History of the History of the Discovery of Insulin

By Christopher J. Rutty, Ph.D

Lead Historian, Defining Moments Canada, “Insulin 100”.

There are a number of elements that make the discovery of insulin an especially compelling story for historians, as well as journalists, scientists, filmmakers and physicians. There was the unlikely figure of the country doctor-surgeon with a novel idea, who then somehow convinced a skeptical university professor to give him a chance to pursue it. Then there was the freshly graduated student, who assisted the would-be researcher through a hot summer of laboratory experiments to surprisingly succeed in isolating the elusive internal secretion and show it could control diabetes in dogs. Or there was the expert visiting biochemist who expedited the extract’s purification and successful testing in human diabetics. 

More remarkably, this monumental discovery took place in Canada and not in the prominent universities of Europe, the United Kingdom, or the United States. But perhaps most compelling and dramatic — especially at a time when the power of medicine to effectively treat disease and prevent death remained quite limited — was that with discovery of insulin, diabetics on death’s doorstep were literally resurrected and restored to normal lives as long as they maintained their insulin injections several times each day. To historians of all stripes, this was, and remains, an irresistible story to tell.

The first to recount the history of the discovery of insulin was a Toronto Star newspaper reporter. Journalists are often the writers of the first drafts of histories and in first documenting the history of the discovery of insulin, Roy Greenaway was that first journalist-historian, as he later revealed in his memoir. Greenaway had been aware of what Dr. Frederick Banting had been working on through a friend of Banting’s, Dr. G.W. Ross, who was also Greenaway’s physician. In mid-January, 1922, a few days after the first human test of the pancreatic extract, Greenaway wrote, “All through the summer the work was rushed intensively in a little laboratory in the medical building, facing the west and overlooking the circular campus in from of the main building.” The story had begun “only last May” when “Dr. F.G. Banting and Mr. Best concentrated upon the new inspiration” in laboratories over which Professor J.J.R. Macleod had charge. Further historical details of the discovery and the discoverers, especially Banting, were recounted by Greenaway in more extensive newspaper coverage published on March 22nd. This article was based on interviews with Banting, Best and Macleod, and included details from the Canadian Medical Association Journal article about the first clinical tests of the extract.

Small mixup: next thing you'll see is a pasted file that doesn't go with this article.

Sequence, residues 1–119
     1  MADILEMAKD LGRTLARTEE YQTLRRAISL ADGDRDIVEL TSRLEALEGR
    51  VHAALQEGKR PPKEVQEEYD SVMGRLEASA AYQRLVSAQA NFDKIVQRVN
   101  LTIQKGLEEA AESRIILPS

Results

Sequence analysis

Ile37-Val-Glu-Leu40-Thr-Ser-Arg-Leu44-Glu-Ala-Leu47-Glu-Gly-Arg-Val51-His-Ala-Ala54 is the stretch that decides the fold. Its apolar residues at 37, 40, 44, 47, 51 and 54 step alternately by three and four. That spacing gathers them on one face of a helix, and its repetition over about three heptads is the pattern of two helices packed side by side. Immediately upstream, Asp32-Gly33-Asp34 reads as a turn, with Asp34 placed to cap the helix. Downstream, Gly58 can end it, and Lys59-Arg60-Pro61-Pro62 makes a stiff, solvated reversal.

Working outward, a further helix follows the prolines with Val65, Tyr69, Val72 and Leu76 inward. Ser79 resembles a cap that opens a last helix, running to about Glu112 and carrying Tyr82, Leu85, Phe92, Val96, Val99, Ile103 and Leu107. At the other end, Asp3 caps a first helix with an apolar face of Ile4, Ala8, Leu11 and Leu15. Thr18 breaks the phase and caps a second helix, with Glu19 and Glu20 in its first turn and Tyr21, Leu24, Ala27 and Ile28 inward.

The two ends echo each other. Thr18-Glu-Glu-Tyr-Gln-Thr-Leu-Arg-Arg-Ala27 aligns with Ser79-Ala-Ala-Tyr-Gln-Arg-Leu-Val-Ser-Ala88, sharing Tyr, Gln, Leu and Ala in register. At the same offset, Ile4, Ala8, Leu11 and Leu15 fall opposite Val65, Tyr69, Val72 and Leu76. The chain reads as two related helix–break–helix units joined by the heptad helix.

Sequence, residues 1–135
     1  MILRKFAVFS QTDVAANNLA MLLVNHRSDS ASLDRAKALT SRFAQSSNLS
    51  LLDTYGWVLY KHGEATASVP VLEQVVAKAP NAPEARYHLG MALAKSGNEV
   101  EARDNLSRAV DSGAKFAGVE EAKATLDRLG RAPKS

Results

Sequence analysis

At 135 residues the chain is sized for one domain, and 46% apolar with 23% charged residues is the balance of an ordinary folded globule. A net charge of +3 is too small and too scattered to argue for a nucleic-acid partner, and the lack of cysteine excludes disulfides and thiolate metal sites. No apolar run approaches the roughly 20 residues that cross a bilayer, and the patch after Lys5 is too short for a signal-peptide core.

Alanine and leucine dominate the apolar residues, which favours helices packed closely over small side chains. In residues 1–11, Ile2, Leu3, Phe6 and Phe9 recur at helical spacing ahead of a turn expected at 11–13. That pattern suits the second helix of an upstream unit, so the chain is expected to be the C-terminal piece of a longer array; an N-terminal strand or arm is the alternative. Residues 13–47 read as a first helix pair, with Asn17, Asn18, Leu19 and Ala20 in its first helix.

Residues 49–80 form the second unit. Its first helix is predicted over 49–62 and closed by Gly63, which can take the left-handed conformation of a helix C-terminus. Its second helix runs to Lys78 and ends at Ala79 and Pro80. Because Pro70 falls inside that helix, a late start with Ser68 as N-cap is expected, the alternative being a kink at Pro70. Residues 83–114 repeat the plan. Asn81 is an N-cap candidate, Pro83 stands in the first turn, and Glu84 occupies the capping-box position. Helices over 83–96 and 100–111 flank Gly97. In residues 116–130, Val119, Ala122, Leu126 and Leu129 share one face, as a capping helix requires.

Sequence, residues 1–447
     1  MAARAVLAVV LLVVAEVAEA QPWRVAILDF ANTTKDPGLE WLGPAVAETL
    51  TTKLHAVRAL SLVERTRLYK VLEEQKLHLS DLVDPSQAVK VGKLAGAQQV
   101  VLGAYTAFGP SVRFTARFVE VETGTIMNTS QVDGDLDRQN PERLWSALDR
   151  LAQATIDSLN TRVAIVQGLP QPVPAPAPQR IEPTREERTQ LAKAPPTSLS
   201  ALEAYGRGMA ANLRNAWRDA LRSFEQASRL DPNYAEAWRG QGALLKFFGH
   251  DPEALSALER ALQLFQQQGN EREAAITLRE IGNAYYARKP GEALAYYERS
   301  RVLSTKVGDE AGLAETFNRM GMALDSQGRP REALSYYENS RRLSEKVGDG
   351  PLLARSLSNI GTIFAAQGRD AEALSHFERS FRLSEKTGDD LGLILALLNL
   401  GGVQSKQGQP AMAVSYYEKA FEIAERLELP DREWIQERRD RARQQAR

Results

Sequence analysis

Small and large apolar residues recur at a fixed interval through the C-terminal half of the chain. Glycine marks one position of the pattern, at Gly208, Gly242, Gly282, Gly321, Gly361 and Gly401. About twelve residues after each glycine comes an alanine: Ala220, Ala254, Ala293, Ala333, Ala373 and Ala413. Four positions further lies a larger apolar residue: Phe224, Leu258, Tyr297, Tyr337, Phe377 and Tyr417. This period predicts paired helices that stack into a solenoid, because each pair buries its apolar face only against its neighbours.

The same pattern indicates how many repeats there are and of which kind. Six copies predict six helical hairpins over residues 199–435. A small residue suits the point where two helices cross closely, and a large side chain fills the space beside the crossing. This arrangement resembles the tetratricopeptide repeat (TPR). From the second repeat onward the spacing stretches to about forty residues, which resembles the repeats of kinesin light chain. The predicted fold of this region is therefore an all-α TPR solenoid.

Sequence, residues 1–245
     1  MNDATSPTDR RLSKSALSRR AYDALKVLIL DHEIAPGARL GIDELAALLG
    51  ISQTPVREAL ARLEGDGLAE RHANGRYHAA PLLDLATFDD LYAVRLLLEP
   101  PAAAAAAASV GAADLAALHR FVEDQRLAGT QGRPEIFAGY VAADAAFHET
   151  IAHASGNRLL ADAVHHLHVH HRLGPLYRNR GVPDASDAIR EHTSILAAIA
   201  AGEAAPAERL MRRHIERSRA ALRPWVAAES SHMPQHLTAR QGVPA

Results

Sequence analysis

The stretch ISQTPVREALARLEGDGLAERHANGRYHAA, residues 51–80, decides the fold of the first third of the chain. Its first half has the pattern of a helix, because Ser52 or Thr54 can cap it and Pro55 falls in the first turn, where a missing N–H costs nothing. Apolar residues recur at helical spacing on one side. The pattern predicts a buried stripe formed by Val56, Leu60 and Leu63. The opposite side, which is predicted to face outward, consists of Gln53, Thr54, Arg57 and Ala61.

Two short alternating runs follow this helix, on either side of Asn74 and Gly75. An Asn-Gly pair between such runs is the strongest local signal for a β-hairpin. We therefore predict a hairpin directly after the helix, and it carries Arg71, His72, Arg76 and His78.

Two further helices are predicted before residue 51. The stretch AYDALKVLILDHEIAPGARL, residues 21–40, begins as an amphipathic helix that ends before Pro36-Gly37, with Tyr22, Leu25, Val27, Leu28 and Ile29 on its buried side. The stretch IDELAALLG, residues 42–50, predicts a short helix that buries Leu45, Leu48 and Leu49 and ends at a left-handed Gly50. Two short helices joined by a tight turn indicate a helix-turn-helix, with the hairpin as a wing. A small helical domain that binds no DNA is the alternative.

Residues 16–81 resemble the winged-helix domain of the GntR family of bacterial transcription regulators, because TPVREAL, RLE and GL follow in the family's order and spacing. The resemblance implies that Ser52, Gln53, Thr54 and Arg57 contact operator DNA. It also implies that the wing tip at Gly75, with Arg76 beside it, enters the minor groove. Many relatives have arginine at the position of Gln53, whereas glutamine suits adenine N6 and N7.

This initial historical reconstruction of the discovery was quite balanced in recognizing the contributions of Banting, Best, Macleod and J.B. Collip, and was notably reflected in a syndicated photo “of the four Toronto medical men on the University staff who figure most prominently in the discovery of a pancreatic extract to be used in the clinical treatment of diabetes in human beings.” Through 1922, the focus of press attention shifted to Banting, particularly in the context of his well-publicized treatment of 14-year-old Elizabeth Hughes, daughter of the U.S. Secretary of State. 

However, during the fall of 1922, as the discovery story spread beyond North America and to the U. K., medical and press attention shifted more to Macleod’s role in the discovery. This was prompted by news of Macleod, on behalf of the University of Toronto, offering U.K. insulin patent rights to the Medical Research Council. In early September, Prof. W.M. Bayliss, one of Britain’s leading physiologists, and a friend of Macleod’s, touched off public controversy, particularly in Toronto, when his letter to one of the London’s largest newspapers heightened Macleod’s role and downplayed Banting’s. Bayliss had been upset at Canadian news reports that seemed to give all the credit to Banting. Macleod was suddenly pressed by Banting and Best, and a Toronto Star reporter, Greenaway, to agree to a published statement refuting Bayliss’ view and give Banting full credit. However, Macleod’s statement did not satisfy Banting and Best, prompting a further public statement in which Banting highlighted Best’s role.